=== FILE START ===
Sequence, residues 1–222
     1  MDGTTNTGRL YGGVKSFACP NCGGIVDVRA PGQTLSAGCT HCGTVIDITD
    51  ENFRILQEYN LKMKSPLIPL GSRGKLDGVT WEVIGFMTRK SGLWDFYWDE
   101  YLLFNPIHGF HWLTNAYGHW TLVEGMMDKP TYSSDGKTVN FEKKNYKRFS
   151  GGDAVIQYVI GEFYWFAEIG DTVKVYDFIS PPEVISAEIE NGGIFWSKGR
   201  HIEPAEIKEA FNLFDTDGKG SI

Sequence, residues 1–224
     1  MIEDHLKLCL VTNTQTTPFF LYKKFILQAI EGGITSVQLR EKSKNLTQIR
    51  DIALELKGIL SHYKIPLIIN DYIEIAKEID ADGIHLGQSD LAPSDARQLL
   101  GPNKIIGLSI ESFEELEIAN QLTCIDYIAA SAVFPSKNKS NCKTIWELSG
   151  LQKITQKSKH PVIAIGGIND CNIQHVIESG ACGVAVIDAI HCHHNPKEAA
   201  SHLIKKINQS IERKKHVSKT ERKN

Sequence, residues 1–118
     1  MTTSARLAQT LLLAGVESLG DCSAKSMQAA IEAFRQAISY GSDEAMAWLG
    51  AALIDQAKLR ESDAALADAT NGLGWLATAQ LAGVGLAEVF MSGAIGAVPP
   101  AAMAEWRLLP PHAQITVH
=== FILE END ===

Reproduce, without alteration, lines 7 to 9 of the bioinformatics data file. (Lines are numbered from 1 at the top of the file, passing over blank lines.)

Sequence, residues 1–224
     1  MIEDHLKLCL VTNTQTTPFF LYKKFILQAI EGGITSVQLR EKSKNLTQIR
    51  DIALELKGIL SHYKIPLIIN DYIEIAKEID ADGIHLGQSD LAPSDARQLL